Nesbitt Memorial Library Journal, Volume 2, Number 2, May, 1992 Page: 92
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Nesbitt Memorial Library Journal
2. The Matzke Home
I was born February 1, 1907 on Front Street. The house was almost in line
with the old vehicle bridge no longer in existence. It was also next to the jail which faces
Spring Street. The traffic off the bridge had to turn to the right in front of our house and
to the left around an elevated water tower and into Spring Street in front of the jail.
At the end of the bridge there was an artesian well with water coming out of a 1 Y4 inch
pipe and flowed into a concrete water trough where farmers watered their team of horses
or mules, herds of cattle driven through town, horse traders with their horses as they
moved from one town to another for trading or sale.
As there were no laws regarding animal control, since Columbus was
unincorporated, people let their milk cows and other animals roam and graze on the
streets and vacant lots. The artesian well was a gathering place for such animals.2
My mother was ill for several years with tuberculosis. For about the last year
she was bedridden and the children were not allowed to go into her room because of the
contagious nature of tuberculosis. The bedroom where she stayed was adjacent to the
front porch and we would sit on the porch at the window of the room and talk to her.
An older sister, Mary, took care of her during the illness. My father would buy cases
of grape juice for my mother to drink. I don't know whether she just liked it or whether
it was supposed to be curative. When the bottles were empty, my sister would boil them
and we would use them as toys, pretending they were ponies in our bottle-horse playing.
We used beer bottles to pull little wagons with string harnesses.
When my mother died on December 1, 1919 and my father, of a heart attack,
on January 31, 1920, the property was sold to County Judge Will Mayes.3 There may
have been other owners but I believe Mr. [Homer Louis] and Mrs. [Bernice] Koliba bought
the property in 1948 and created a museum in some of the rooms with dolls and old
ironing irons and other items. Mr. Koliba built a small room to the left front of the house
for his insurance office.4
Mrs. Koliba wrote me in about 1964 wanting to know when the home was
constructed as it was going to be one of the homes in the Magnolia Tour of Homes that
year. I wrote my oldest sister, as I did not have the information. She replied that the
home was built in 1902 by a Mr. Weiss or a Mr. Weber- she could not remember which.
The Magnolia Tour of Homes for that year - in the information about the home - stated
that it was built in 1876. I later asked Mrs. Koliba where she got that date, and she said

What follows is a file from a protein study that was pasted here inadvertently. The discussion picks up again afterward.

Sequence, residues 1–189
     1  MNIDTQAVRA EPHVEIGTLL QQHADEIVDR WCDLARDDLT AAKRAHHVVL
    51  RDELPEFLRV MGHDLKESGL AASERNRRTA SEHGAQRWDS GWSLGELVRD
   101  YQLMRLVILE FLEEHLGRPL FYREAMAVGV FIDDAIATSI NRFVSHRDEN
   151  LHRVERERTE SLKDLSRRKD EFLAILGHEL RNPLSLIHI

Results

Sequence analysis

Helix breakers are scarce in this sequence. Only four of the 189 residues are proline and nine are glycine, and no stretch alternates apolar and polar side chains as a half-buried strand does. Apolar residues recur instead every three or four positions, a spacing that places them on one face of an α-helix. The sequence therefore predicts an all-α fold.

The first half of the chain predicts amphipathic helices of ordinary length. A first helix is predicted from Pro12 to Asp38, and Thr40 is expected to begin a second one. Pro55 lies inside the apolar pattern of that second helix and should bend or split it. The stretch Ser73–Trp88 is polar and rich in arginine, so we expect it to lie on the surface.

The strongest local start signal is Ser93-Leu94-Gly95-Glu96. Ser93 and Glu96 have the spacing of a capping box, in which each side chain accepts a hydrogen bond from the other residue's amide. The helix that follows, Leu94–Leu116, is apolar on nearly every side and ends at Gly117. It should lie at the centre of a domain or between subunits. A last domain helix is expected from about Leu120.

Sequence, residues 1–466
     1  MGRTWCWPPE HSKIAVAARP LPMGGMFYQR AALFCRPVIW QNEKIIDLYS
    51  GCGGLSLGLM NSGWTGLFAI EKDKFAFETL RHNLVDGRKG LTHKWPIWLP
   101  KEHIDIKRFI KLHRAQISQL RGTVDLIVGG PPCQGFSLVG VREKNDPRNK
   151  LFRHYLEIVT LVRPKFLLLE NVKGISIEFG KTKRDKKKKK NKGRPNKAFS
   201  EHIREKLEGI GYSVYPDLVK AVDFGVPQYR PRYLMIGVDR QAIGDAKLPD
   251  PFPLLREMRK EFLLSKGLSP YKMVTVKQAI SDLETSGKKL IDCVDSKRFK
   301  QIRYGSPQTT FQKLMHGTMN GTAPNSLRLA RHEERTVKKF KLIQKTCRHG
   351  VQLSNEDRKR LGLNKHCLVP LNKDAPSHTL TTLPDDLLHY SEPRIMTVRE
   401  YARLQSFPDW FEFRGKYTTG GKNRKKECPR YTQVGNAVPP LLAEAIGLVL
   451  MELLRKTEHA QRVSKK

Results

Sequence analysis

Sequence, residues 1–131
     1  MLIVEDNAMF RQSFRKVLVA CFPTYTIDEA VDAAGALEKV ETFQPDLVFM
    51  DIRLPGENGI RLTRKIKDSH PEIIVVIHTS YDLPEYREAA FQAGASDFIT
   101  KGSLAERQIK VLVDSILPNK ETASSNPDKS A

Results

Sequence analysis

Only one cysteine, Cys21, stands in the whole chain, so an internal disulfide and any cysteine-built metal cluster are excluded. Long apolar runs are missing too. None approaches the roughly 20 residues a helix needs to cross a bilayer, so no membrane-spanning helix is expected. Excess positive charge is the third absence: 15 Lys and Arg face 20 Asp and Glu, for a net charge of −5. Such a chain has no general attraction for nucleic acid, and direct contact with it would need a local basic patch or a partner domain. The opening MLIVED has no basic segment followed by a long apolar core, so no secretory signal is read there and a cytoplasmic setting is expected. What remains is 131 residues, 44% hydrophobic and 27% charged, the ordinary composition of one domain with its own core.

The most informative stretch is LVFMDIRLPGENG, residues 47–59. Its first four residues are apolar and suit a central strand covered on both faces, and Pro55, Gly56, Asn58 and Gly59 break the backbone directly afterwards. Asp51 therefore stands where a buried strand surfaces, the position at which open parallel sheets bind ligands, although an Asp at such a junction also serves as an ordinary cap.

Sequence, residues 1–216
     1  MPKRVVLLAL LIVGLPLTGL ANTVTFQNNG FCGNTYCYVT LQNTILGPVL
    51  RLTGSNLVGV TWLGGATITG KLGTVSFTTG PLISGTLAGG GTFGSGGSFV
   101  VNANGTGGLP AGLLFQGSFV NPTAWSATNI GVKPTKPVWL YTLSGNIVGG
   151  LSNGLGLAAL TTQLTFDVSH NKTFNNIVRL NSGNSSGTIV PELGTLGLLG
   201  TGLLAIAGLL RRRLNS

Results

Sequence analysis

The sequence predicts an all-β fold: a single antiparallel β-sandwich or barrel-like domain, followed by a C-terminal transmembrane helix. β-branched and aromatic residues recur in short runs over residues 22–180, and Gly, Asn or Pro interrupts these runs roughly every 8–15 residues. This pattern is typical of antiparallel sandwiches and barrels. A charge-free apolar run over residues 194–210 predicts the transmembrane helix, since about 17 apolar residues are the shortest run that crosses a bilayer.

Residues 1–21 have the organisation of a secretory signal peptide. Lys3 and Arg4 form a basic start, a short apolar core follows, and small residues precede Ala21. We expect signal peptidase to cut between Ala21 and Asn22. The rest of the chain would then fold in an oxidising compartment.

that as the brochure had to go to print before she heard from me she had done some
research and come up with that date.5
2 Until the passage of laws commonly called "stock laws," animals of various types were allowed
to roam the streets of cities at will. In Columbus, many people, including, it seems, most physicians, opposed
the introduction of stock laws into the early days of the twentieth century. In particular, opponents pointed
to the beneficial effects of allowing pigs to roam the streets, for pigs ate the refuse that was generally
discarded rather cavalierly by people, and that, as it rotted, attracted rats and insects. Ironically, though not
surprisingly, stock law proponents were particularly interesting in ridding the streets of pigs.
Though stock laws had been passed in Weimar and Eagle Lake and in several unincorporated areas
of the county earlier, Columbus had no stock law until February 26, 1927, when the entire county adopted
a law prohibiting "horses, mules, jacks, jennets and cattle" from roaming at large.
3 The county judge was actually Ethelbert Bruce Mayes. He was elected to the position in 1916.
Will Mayas, whose full name was John William Mayes, was Judge Mayes' brother.
4 Homer Louis Koliba's first wife was Zula Kathryn Mayes. Her father, Ethelbert Bruce Mayes, gave
her the home after she had had two children. When she died, the children, Katherine Ann Koliba and Homer
Bruce Koliba, inherited the house. Homer Louis Koliba purchased the undivided one-half interest of his
daughter on December 18, 1951 and that of his son on January 2, 1952 (See Deed Books 161, p. 376 and
162, p. 159, Office of the County Clerk, Colorado County, Texas).
5 The 1964 Magnolia Homes Tour pamphlet on "The Koliba House" states that "there may be some
controversy as to the year this house ... was built" and only claims that "the original part may have been a
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Nesbitt Memorial Library. Nesbitt Memorial Library Journal, Volume 2, Number 2, May, 1992, periodical, May 1992; Columbus, Texas. (texashistory.unt.edu/ark:/67531/metapth151385/m1/24/?q=nesbitt%20memorial%20library%20journal: accessed August 16, 2017), University of North Texas Libraries, The Portal to Texas History, texashistory.unt.edu; crediting Nesbitt Memorial Library.